The painting that was the answer to the “Goose Girl” puzzle is back in Ireland, but not at the National Gallery.

One of the National Gallery’s (NGI) most recognizable paintings, Spring Morning Among the Bluebells, was offered to the gallery, but it was turned down. The Goose Girl was wrongly attributed to Irish artist William Leech for 25 years. The gallery admitted in 1996 that it had made a mistake and that the work actually belonged to the obscure British painter Stanley Royle.

What aided resolve the contention was the presence of a strikingly comparable work of art by Royle, Spring Morning Among the Bluebells, at a closeout in London in April 1995. After that, the work, which also featured a woman walking through the woods, went into a private collection in the United States.

Spring Morning Among the Bluebells has now been purchased by Tony Duncan, a Laois specialist and unmistakable craftsmanship gatherer, who seen it in a closeout in Windsor, Connecticut, last year. He shipped it to Ireland after cleaning and glazing it.

In an effort to reunite the Royles, Mr. Duncan recently offered the painting to the NGI on short-term loan with the intention of hanging it alongside The Goose Girl. However, the gallery director, Dr. Caroline Campbell, declined the offer due to the limited hanging space, particularly for works made after 1900.

“I have delighted in taking a gander at Royle’s The Goose Young lady in the Public Exhibition’s assortment since I was a teen and I realize the canvas is respected with much love by quite a few people,” Dr Campbell kept in touch with Mr Duncan, who has recently credited works to the NGI and other Irish foundations.

“On the off chance that, later on, we should seriously mull over a potential extraordinary showcase zeroed in on this famous work, I particularly trust you may be available to an idea of a potential momentary credit.”

Mr Duncan, who actually trusts the NGI will take up his proposition, accepts the Irish public would enormously appreciate seeing the two Royles hang one next to the other.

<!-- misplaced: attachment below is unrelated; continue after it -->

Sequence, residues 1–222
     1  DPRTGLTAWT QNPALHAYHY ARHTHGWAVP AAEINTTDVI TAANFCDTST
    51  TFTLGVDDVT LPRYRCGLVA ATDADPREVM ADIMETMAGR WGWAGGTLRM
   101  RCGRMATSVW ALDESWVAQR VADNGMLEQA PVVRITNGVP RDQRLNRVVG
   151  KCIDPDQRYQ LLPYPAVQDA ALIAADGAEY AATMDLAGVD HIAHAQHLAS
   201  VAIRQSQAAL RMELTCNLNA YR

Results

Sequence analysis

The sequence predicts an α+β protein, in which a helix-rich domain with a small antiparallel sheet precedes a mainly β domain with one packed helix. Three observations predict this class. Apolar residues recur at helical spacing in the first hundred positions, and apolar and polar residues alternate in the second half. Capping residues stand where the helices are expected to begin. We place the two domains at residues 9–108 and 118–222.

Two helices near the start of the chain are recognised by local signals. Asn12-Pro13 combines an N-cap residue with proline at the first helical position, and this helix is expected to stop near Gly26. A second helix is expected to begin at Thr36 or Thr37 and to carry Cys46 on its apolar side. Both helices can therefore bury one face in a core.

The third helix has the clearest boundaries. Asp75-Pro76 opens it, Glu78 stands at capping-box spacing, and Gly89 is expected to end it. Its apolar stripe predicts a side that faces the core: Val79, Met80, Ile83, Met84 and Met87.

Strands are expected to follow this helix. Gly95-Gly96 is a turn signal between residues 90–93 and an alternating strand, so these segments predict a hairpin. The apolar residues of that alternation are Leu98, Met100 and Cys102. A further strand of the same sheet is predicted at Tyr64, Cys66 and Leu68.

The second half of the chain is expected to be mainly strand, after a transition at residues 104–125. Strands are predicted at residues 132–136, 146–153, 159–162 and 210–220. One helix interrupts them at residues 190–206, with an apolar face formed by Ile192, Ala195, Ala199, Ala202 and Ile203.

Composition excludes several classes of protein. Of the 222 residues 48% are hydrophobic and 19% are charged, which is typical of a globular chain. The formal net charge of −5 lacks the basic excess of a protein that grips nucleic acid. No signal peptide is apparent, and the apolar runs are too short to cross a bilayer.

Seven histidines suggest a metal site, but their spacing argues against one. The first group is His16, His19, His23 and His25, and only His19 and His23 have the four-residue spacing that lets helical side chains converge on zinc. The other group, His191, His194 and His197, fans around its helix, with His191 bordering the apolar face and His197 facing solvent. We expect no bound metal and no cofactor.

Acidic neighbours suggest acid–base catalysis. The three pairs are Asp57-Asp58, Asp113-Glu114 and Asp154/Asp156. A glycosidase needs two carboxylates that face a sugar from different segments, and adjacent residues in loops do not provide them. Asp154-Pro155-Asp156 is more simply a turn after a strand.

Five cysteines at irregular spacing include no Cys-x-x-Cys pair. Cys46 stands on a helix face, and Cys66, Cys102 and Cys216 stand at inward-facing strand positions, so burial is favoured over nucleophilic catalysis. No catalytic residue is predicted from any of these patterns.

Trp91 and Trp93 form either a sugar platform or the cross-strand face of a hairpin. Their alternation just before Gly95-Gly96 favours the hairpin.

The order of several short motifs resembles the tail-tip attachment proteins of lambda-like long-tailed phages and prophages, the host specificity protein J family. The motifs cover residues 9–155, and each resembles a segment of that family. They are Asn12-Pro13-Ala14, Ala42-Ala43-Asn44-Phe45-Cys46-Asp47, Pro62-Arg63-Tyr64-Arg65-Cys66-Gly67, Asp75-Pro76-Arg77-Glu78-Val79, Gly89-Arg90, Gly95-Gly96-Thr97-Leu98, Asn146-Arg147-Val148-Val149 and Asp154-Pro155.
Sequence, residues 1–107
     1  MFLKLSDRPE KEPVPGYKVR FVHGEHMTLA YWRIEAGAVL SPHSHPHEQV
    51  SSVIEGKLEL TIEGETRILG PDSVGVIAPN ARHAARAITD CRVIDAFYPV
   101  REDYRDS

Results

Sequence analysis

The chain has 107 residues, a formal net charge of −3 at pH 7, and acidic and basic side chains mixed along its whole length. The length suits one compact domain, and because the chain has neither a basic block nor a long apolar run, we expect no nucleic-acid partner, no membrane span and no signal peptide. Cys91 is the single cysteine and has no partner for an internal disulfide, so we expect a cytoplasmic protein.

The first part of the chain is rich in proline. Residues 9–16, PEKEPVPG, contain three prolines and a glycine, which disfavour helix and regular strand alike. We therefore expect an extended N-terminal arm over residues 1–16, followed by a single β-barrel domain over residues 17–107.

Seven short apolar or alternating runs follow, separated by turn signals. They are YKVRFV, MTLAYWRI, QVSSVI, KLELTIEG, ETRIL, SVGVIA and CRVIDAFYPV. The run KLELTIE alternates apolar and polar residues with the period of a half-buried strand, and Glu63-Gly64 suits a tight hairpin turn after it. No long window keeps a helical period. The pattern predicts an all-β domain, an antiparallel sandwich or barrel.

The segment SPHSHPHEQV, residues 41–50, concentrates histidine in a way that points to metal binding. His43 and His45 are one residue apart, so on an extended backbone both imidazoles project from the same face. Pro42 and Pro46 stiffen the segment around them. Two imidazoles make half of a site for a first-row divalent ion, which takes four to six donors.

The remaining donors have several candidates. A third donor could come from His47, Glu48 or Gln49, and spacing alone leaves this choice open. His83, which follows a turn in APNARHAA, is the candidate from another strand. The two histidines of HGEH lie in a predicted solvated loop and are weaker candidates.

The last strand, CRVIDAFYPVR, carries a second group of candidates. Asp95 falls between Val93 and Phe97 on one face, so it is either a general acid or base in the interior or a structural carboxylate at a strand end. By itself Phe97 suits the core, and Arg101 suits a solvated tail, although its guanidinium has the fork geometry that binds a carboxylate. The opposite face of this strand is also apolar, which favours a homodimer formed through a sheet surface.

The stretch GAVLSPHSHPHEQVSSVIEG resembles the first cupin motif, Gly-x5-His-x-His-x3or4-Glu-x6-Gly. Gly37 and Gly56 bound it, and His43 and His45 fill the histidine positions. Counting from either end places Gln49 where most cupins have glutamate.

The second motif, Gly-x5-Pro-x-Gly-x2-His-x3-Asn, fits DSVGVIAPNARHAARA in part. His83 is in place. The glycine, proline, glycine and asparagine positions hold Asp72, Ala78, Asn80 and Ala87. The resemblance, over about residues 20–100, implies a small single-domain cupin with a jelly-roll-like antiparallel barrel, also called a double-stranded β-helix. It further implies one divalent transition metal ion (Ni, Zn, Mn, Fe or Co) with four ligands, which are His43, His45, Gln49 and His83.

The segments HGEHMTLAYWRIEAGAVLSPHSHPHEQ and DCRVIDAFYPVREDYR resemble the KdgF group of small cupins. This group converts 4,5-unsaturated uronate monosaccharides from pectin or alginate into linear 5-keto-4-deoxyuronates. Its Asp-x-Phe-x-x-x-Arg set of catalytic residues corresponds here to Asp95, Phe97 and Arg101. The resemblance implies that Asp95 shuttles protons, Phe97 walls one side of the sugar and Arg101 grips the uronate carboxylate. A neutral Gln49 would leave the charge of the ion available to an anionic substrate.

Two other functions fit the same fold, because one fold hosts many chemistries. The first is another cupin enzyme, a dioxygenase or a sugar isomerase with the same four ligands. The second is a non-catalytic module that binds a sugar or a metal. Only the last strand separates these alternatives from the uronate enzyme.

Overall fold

He stated to The Irish Times, “There is no doubt the gallery made an error in 1970 when they bought The Goose Girl thinking it was by Leech. However, in the end, it was a wonderful error because the picture is one of the gallery’s most viewed works and has contributed greatly by way of merchandising.”

Spring Morning Among the Bluebells was painted by Royle in 1913, about 10 years before The Goose Young lady. The English painter clutched it all through his life. ” At the point when he kicked the bucket in 1961, his family saved the canvas for the following 34 years prior to placing it available to be purchased in Christie’s,” Mr Duncan said. ” A London craftsmanship vendor got it and rapidly exchanged it to a client in the USA and it was gone forever until set available to be purchased in January 2022 when I procured it and carried it to Ireland.”

In the 1980s, art critics Bruce Arnold and Dominic Milmo-Penny first raised doubts regarding Leech’s attribution of The Goose Girl. One justification for why it was believed to be a Parasite was a mark glued to the rear of the casing engraved with the letters WL.

However, a trade stamp on the back indicated that Hibbert Brothers of Sheffield, where Royle lived and purchased his art supplies, supplied the canvas.

At the point when The Goose Young lady was remembered for a Parasite review display at the NGI in 1996, Mr Arnold saw the remaining parts of a mark on the material, distinguishing the letters, “ley” and “le”.

The then head of the display, Raymond Keaveney, before long shut down the long-showing debate to giving a proclamation saying the disclosure of the mark “gets the way for a conclusive reattribution free from the canvas to Stanley Royle (1888-1961)”.